Who Lives, Who Dies, Who Tells Your Story
I’ m reminded of those Hamilton lyrics every single time I go to see a show that was written by a person of color. But tonight, this line has an even more special meaning when a show is written by a black woman playwright, and not just one but five short plays.
Something special is happening uptown at Harlem’s National Black Theatre, this special thing is in the form of The New Black Fest (in collaboration with Dominique Morisseau) curated , Un-Tamed Hair Body Attitude, Short Plays by Black Women. A collection of plays that speak to and speak on the many issues that plague black women every day that aren’t talked about, let alone written about. Yet, at the intimate black box on 125th Street, these stories are being told, and beautifully so I don’t even know where do begin.
If this review seems a bit personal, that’s because it is. As a black woman in the theatre world, seeing shows like UnTamed fill me with pride, joy and gratitude. If I may go off on a quick tangent, theatre and art in general, is more than escapism for me (and I’d assume for others as well). There is something powerful about art, an indescribable feeling when you are sitting in a theatre and watching brilliant artists create and work in front of you. You feel connected to the words they are saying and feel the very emotions they feel, that’s the kind of theatre I love most.
The National Black Theatre had a hashtag that said #artheals and that couldn’t be more true with what was presented tonight. The stories were bold and nuanced, the acting and performances were embedded in truth and authenticity. Art not only healed but it sparked powerful dialogue and thoughts that gave me more urgency and drive, I was rejuvenated.
Un-Tamed didn’t hold back in any way. The short plays featured a range of topics about black womanhood in our communities such as; natural vs relaxed hair and tackled colorism in Cori Thomas’ The Hair Play, standards of beauty and skin lightening were at the forefront in Jocelyn Bioh’s White-N-Lucious, strong black woman archetypes and black femininity (or lack thereof) in Chisa Hutchinson’s Melanintervention, unwanted and often scary sexual advances in cabs in Lenelle Moise’s San Francisco Cab, and what might be the most painstakingly one yet the deals with the issues of black girlhood being taken, black girls and women voices being silenced, and their stories hidden in Nikkole Salter’s Peace Officer Privilege.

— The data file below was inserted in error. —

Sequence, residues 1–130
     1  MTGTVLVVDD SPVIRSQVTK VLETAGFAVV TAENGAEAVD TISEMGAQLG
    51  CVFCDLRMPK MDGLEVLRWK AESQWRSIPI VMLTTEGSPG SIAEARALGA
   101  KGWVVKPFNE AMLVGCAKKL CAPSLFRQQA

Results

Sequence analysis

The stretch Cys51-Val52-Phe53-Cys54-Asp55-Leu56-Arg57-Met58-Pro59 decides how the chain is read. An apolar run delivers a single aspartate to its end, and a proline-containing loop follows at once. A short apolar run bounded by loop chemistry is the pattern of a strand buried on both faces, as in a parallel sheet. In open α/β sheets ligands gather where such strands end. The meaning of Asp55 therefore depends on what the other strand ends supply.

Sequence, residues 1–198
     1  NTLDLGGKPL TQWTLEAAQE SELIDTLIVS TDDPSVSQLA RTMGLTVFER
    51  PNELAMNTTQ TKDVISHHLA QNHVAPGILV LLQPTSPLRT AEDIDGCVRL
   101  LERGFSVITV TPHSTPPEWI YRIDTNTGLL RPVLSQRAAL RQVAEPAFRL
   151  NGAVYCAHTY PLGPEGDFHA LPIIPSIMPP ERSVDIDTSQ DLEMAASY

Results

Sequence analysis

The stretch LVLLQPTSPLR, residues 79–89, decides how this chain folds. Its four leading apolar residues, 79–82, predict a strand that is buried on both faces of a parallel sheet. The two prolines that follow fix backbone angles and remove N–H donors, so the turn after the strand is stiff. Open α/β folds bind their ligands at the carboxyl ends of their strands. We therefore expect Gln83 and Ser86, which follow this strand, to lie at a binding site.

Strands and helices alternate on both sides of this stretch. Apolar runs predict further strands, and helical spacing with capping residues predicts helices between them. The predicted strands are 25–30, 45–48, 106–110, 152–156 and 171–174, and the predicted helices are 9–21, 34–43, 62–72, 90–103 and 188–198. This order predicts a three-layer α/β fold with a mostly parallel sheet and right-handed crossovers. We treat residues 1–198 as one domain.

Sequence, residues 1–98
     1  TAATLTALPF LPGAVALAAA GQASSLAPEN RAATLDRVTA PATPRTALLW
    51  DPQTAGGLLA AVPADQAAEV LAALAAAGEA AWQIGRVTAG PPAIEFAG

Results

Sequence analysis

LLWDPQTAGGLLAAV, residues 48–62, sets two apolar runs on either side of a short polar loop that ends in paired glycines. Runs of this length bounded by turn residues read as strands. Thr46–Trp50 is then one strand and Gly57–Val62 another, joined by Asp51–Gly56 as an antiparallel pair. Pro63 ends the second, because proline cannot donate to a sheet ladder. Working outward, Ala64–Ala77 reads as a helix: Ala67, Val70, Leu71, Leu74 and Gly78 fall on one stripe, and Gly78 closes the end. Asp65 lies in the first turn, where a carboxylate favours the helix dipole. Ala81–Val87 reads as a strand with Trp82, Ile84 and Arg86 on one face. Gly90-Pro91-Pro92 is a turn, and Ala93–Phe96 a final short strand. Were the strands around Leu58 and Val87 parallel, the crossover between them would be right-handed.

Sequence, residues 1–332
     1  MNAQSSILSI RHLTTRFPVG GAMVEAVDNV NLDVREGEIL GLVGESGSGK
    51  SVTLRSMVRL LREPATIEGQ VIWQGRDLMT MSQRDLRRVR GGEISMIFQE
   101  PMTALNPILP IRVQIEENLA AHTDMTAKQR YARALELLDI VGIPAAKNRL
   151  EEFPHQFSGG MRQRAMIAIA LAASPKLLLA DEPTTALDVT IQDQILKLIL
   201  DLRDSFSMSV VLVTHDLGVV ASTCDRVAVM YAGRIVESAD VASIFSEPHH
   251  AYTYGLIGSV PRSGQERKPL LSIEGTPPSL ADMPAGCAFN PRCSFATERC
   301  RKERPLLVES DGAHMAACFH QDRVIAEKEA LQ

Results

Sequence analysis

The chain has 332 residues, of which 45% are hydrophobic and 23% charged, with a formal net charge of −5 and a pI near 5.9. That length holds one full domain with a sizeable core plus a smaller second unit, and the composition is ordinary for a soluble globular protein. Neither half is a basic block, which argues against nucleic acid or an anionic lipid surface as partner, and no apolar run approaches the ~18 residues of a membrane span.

All five dealing with completely different issues but one thing remained constant, at the center of it all was a black woman. During a time where #blacklivesmatter and #oscarssowhite , black woman face a greater issue. Black women are armed with the task of being both black and women, a concept that seems hard for the greater world to understand, or maybe they just don’t care, or perhaps both? That therein lies the problem (at the talkback out of the 100 theaters approached about this project only 26 wanted to pick it up).
The character Yolanda (played brilliantly by Erin Cherry) in the play Melanintervention said it best, we [black women] have to fight but it doesn’t mean we want to fight. Black women fight for their basic rights, they fight for jobs, they fight to be seen a women, they fight to be seen as human beings, they fight for their children, their men, their community but who fights for the black woman?
This shouldn’t read as “woe is me”, or even trying to pity the black woman after all, who would? Black women are some of this worlds more resilient human beings. Black women are like O negative blood, gives of itself and get’s nothing in return, yet finds the power to still give until it’s all gone. There is magic in the ability to do that, but it doesn’t mean it needs to be that way. Black women’s stories are just as important as anyone else and they deserve to be shared and I’m grateful that the National Black Theatre and The New Black Fest took a chance and gave life to these stories. To the amazing playwrights, directors, actors, producers, anyone involved in getting this project to the masses here at Broadway Black we offer our thanks. What you do is important and deserves to be seen all over, you truly embody what it means to be Broadway Black.
Un-Tamed also stars MaameYaa Boafo, Ben Chase, Ronald Kirk, Nedra McClyde, Sharina Martin, Ambien Mitchell, Megan Robinson, Debargo Sanyal, Carolyn Michelle Smith & Jennifer Tsay
Un-Tamed is running until this Monday, March 28th. Do yourself a favor and support what is happening on 125th because it’s beautiful, it’s magical, it’s transformative. You can purchase tickets here.